Research by a group of Montreal scientists calls into question one of the most basic assumptions of human genetics: that when it comes to DNA, every cell in the body is essentially identical to every other cell. Their results appear in the July issue of the journal Human Mutation.
This discovery may undercut the rationale behind numerous large-scale genetic studies conducted over the last 15 years, studies which were supposed to isolate the causes of scores of human diseases.
Except for cancer, samples of diseased tissue are difficult or even impossible to take from living patients. Thus, the vast majority of genetic samples used in large-scale studies come in the form of blood. However, if it turns out that blood and tissue cells do not match genetically, these ambitious and expensive genome-wide association studies may prove to have been essentially flawed from the outset.
This discovery sprang from an investigation into the underlying genetic causes of abdominal aortic aneurysms (AAA) led by Dr. Morris Schweitzer, Dr. Bruce Gottlieb, Dr. Lorraine Chalifour and colleagues at McGill University and the affiliated Lady Davis Institute for Medical Research at Montreal's Jewish General Hospital. The researchers focused on BAK, a gene that controls cell death.
What they found surprised them.
AAA is one of the rare vascular diseases where tissue samples are removed as part of patient therapy. When they compared them, the researchers discovered major differences between BAK genes in blood cells and tissue cells coming from the same individuals, with the suspected disease "trigger" residing only in the tissue. Moreover, the same differences were later evident in samples derived from healthy individuals.
"In multi-factorial diseases other than cancer, usually we can only look at the blood," explained Gottlieb, a geneticist with McGill's Centre for Translational Research in Cancer. "Traditionally when we have looked for genetic risk factors for, say, heart disease, we have assumed that the blood will tell us what's happening in the tissue. It now seems this is simply not the case."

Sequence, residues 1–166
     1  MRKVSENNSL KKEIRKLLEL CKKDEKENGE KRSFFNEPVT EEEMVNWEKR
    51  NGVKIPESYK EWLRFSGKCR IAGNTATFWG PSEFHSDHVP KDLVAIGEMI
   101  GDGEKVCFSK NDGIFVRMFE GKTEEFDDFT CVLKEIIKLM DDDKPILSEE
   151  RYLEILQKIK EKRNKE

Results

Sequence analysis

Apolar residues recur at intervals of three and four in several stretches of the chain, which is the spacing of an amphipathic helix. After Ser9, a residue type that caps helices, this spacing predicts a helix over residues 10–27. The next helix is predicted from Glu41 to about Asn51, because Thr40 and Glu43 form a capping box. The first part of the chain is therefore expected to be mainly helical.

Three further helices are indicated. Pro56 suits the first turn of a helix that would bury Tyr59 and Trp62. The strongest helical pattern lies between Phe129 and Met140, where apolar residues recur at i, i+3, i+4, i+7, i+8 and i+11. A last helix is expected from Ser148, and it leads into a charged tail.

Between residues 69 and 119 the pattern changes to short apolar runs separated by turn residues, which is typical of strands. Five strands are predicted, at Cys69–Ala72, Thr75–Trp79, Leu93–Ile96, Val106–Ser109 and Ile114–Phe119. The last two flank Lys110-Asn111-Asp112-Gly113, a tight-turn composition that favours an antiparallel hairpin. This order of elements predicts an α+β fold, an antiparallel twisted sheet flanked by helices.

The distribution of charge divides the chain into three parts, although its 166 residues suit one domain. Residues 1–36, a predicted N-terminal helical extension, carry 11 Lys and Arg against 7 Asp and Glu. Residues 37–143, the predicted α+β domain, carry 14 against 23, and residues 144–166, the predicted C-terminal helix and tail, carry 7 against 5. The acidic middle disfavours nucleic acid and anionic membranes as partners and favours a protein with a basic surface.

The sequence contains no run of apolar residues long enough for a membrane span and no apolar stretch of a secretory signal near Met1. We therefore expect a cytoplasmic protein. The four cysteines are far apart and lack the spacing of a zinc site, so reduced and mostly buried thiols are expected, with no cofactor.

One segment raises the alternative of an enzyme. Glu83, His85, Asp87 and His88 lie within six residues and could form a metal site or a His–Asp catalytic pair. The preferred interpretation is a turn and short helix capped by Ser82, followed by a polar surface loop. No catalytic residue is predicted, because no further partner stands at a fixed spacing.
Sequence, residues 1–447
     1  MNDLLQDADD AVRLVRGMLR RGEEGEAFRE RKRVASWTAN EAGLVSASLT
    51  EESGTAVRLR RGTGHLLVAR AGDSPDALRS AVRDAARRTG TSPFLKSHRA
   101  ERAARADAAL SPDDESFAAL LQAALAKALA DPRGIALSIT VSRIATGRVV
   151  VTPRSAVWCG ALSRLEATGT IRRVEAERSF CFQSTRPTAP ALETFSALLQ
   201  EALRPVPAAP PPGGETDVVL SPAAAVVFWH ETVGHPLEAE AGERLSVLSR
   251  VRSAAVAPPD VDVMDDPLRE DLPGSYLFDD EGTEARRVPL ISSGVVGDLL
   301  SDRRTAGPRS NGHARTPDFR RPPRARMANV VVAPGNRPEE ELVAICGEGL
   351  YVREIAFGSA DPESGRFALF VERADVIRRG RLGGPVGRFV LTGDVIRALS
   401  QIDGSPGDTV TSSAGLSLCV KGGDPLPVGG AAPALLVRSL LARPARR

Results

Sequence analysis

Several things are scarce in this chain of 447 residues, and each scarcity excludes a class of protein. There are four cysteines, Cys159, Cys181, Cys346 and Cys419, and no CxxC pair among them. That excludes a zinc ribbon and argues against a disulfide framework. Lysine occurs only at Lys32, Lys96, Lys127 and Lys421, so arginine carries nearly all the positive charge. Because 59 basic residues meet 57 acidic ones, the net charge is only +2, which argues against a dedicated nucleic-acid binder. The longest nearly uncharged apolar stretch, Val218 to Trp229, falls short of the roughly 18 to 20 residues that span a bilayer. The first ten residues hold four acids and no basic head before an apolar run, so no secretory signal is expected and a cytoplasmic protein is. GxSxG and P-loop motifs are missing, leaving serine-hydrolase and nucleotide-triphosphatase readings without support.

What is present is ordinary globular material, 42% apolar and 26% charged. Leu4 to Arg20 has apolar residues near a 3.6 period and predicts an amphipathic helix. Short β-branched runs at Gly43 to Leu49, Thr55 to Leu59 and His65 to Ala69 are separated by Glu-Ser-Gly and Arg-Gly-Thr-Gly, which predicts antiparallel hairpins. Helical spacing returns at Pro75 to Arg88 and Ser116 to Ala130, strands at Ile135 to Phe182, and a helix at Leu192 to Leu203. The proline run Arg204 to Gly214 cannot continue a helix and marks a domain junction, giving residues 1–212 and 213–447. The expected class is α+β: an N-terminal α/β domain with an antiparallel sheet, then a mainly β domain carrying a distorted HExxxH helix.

"From a genetic perspective, therapeutic implications aside, the observation that not all cells are the same is extremely important. That's the bottom line," he added. "Genome-wide association studies were introduced with enormous hype several years ago, and people expected tremendous breakthroughs. They were going to draw blood samples from thousands or hundreds of thousands of individuals, and find the genes responsible for disease.
"Unfortunately, the reality of these studies has been very disappointing, and our discovery certainly could explain at least one of the reasons why."
AAA is a localized widening and weakening of the abdominal aorta, and primarily affects elderly Caucasian men who smoke, have high blood pressure and high cholesterol levels. It often has no symptoms, but can lead to aortic ruptures which are fatal in 90 per cent of cases.
If the mutations discovered in the tissue cells actually predispose for AAA, they present an ideal target for new therapies, and may have even wider therapeutic implications.
"This will probably have repercussions for vascular disease in general," said Schweitzer, of McGill's Department of Medicine. "We have not yet looked at coronary or cerebral arteries, but I would suspect that this mutation may be present across the board."
Schweitzer is optimistic that this discovery may lead to new treatments for vascular disease in the near to medium term.
"The timeline might be five to 10 years," he said. "We have to do in-vitro cell culture experiments first, prove it in an animal model, and then develop a molecule or protein which will affect the mutated gene product. This is the first step, but it's an important step."
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